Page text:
Author and historian Michael Wallis once quipped that

Route 66 was a linear community. While that is an apt descriptor it falls short of presenting an accurate portrait of what this community has become in the era of renaissance. It is America’s longest small town. It is an international community where people work towards common goals such as preservation, promotion, the provision of travel planning assistance, and even small business support. It is nothing short of amazing. 

Attend any Route 66 festival be it in Joliet, Illinois, Ofterdingen Germany, or the second European Route 66 Festival next August in Zlin, Czech Republic and you will immediately sense the passion, the excitement and enthusiasm, and the camaraderie that transcends barriers of language or culture which underlies the Route 66 renaissance. Route 66 is not only America’s longest small town, it is also one of the most colorful and most dynamic.

Exemplifying the sense of community and the generosity that is the essence of Route 66 in the 21st century, is the “Disrupt” initiative developed by MyMarketing Designs that is striving to provide every business with a modern website, regardless of available budget for promotion or marketing. Another example would be the multifaceted promotional network developed by author Jim Hinckley through a crowdfunding initiative.

Shortly before the Miles of Possibility Conference in Joliet, Illinois, a request was made for the donation of items that could be raffled to attendees. Louie Keene of Uranus, Missouri responded. So did John McEnulty of Grand Canyon Caverns, Steve LeSueur of Promote Kingman, the Route 66 Cruizers, and business owners all along the Route 66 corridor. This was another example of what makes the Route 66 community unique.

Some years ago the theme song for a popular television program had a refrain about going some place where everyone knows your name. That is also Route 66. Travel the road once, and you have friends that will greet you by name on the next trip, friends that will meet you along the way and share a meal, friends that will help you plan that adventure. You don’t even have to travel the road to tap into this network of friends. Simply ask questions about planning a Route 66 trip on a Facebook Route 66 group and see how many people, from throughout the world, respond.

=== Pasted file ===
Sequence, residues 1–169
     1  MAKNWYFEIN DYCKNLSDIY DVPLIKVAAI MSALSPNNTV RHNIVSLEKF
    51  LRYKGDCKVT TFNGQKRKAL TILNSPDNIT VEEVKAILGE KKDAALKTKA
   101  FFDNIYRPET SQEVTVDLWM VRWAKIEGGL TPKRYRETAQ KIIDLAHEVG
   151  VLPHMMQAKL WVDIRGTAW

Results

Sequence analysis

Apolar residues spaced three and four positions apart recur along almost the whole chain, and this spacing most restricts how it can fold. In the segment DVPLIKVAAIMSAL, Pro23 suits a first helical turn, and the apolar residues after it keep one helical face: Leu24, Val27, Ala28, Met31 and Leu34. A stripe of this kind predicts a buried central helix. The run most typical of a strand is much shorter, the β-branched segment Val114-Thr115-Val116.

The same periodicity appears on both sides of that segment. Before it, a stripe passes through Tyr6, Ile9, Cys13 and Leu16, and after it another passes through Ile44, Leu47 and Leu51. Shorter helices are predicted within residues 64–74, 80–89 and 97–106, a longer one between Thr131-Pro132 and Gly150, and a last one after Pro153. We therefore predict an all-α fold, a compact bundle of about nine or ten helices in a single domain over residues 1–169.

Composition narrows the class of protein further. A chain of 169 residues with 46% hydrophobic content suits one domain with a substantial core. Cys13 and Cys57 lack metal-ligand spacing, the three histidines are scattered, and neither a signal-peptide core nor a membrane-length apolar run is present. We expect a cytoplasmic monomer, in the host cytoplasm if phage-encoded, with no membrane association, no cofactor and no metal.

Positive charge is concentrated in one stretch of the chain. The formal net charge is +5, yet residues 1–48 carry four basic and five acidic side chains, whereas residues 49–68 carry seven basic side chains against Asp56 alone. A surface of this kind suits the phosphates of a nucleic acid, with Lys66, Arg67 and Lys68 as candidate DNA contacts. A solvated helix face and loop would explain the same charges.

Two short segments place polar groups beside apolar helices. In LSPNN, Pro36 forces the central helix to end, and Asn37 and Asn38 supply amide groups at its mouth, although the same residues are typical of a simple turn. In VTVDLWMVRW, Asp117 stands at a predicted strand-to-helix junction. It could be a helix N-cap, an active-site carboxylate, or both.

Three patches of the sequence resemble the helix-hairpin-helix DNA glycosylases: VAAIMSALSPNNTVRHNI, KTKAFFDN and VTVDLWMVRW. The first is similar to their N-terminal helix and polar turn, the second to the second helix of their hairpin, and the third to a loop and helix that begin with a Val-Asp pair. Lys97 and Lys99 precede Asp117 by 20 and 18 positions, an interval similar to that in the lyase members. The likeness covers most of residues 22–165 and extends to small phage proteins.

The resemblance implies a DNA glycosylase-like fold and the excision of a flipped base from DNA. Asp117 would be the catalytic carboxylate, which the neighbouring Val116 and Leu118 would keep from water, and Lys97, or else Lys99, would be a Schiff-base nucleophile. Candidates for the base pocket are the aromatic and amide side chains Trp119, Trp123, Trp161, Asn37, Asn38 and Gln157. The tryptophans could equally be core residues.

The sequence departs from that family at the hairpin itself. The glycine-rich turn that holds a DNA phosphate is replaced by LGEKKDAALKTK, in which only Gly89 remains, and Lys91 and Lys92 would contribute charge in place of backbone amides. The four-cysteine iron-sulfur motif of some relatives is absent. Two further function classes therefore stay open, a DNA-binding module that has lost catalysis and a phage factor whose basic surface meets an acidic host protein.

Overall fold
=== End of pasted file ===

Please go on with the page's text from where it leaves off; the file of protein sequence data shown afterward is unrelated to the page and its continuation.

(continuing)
Author Jim Hinckley signs copies of books at the Ariston Cafe

The highways renaissance, the infectious excitement about a Route 66 odyssey, and the sense of community has as its foundation inspirational people, generous people, caring people, dreamers, and visionaries. Stop by the Ariston Cafe, enjoy the shepherds pie and cherry cheesecake, and strike up a conversation with Nick Adam, son of the founder who opened the restaurant in 1924. Spend an evening at the Motel Safari (say hello to Larry), Roadrunner Lodge, or Blue Swallow Motel in Tucumcari. Take your EZ 66 Guide to Jerry McClanahan’s Gallery in Oklahoma for a signature. Take a break at Red Oak II and visit with artist Lowell Davis.

Route 66 is more than a mere highway. It is America’s longest small town, an almost magical place where the best of the 1950’s has been distilled and refined. It is smiling faces, a visit on the front porch as the sun sinks in the west, friends and friends yet made. It is a barbecue, an invitation, and a shared dinner. It is the ultimate road trip.